Wins appeal of earlier court decision that had ordered the file-hosting site to prevent users from uploading copyrighted material, ruling that the links aren’t public, and that it’s users who are responsible for illegally share copyrighted material with others, not Rapidshare.
The German-owned file-hosting site Rapidshare won a stunning victory in court yesterday, winning its long-running appeal of an earlier court decision that it proactively remove copyrighted material from the site and begin preventing users from uploading it as well.
” We are very happy about the judgment. The court has confirmed that RapidShare is not responsible for the contents of files uploaded by its users,” says the site. “The judgment shows that attempts to denounce our business model as illegal will not be successful in the long run. With its 1-click-filehosting model, RapidShare responds to legitimate interests of its users and will continue to do so in the future.”
The Court of Appeals Düsseldorf found that Rapidshare is not liable for the copyright infringement committed by third parties using the service, and that the site itself doesn’t make copyrighted material “publicly available.” Rather, its business is based on providing confidential access to content.
Links to copyrighted files are not made public, and it’s the user themselves who make the conscious decision to make them available to others in violation of copyright law. Hence, Rapidshare does not distribute copyrighted material, its users do.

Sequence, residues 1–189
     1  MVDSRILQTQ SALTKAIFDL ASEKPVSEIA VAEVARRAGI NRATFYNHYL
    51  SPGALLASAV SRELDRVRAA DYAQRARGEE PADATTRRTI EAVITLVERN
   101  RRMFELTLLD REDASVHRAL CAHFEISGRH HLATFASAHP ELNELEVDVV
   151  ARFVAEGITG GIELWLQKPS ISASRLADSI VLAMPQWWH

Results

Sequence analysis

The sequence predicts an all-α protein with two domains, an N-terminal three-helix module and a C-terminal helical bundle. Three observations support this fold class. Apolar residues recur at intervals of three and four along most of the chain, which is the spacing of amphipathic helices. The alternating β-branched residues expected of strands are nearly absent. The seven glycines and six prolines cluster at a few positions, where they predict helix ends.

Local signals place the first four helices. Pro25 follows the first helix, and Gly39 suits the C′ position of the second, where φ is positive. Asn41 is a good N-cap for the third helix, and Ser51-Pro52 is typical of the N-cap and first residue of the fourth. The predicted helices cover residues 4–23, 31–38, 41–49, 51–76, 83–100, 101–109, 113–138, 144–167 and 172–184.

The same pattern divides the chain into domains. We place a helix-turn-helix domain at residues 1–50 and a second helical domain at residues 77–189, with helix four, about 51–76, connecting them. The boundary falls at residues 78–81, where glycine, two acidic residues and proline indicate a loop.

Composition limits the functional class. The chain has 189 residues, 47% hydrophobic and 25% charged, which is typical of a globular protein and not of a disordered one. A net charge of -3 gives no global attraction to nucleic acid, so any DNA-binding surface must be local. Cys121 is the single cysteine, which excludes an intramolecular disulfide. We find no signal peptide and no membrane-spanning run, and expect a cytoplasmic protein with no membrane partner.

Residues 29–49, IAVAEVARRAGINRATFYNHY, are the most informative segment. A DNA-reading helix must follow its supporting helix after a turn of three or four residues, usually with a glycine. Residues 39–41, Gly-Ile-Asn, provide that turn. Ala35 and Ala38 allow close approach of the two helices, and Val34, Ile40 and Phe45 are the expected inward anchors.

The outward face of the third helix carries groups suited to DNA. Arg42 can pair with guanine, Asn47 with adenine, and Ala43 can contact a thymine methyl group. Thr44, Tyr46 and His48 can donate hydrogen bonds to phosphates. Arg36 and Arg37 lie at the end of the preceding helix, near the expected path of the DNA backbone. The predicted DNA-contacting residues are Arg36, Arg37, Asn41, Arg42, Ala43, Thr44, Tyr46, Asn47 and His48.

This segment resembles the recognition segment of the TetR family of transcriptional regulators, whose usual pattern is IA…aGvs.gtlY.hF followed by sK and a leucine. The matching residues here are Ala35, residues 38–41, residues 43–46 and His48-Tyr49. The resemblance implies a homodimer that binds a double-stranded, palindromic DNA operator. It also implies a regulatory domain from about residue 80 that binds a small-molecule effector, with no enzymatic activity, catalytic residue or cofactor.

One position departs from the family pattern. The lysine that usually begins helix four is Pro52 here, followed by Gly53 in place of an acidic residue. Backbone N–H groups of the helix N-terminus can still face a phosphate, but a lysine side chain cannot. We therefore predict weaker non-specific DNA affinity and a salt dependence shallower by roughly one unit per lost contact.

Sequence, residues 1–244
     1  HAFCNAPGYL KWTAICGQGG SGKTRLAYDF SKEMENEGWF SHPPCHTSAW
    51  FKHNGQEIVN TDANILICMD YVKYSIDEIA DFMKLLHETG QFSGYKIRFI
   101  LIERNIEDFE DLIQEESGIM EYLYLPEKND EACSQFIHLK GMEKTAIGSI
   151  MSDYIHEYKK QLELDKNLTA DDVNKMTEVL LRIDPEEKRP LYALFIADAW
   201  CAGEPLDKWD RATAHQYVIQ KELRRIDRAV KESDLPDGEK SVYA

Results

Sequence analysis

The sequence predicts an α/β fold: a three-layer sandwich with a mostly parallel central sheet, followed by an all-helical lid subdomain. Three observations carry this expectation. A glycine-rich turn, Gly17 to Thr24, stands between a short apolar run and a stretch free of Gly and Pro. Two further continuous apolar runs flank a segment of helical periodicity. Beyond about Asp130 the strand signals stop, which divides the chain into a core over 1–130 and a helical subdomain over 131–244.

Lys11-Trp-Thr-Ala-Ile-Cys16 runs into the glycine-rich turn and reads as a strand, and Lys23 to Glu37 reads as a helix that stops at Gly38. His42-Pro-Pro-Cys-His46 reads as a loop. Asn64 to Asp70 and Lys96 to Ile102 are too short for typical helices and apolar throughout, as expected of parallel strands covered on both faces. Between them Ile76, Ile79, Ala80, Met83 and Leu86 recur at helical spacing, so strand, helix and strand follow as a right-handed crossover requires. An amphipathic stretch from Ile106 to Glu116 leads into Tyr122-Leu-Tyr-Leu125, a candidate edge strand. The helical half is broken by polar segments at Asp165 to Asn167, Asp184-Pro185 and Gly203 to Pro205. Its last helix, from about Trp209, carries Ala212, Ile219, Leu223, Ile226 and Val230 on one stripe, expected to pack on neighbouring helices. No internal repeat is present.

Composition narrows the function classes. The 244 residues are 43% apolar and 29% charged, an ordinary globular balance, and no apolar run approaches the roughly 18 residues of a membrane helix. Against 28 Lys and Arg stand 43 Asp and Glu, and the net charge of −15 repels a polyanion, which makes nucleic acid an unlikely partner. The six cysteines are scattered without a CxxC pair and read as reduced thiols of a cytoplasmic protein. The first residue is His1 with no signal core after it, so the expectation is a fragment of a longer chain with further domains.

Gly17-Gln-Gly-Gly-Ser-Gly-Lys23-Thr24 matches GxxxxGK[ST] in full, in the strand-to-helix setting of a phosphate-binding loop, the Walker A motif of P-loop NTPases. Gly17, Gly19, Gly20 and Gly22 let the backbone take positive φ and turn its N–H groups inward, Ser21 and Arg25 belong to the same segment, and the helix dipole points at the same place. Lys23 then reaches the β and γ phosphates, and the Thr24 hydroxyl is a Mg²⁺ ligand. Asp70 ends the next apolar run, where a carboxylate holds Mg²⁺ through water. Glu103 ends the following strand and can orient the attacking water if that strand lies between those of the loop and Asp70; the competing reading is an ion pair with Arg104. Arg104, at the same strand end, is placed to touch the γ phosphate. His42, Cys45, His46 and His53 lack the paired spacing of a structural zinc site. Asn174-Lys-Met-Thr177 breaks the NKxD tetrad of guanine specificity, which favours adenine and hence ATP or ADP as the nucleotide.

The court also took aim at the lower court ruling that ordered Rapidshare to begin proactively remove copyrighted material. It says that a “manual checking of uploaded files is not reasonable for Rapidshare and the automated verification of files is largely inappropriate.”
It says the reason why is that it wouldn’t work. Filtering risks false positives on on a number of levels, that based on file name is “inappropriate” and “arbitrary” , and that based on file type is also “inappropriate” because there’s no “compelling indicator” it contains illegal material.
Blocking IP addresses was even rejected because it doesn’t identify the user responsible for the illegal conduct, only the location where it occurred.
Most compelling of of all is that the court cited the fact that the country’s Copyright Act allows people to “save a legally acquired copy of (a) film on external servers for private purposes.” Whether this person does or does not decide to “reveal the corresponding ‘location’ in public” is entirely up to him and not Rapidshare.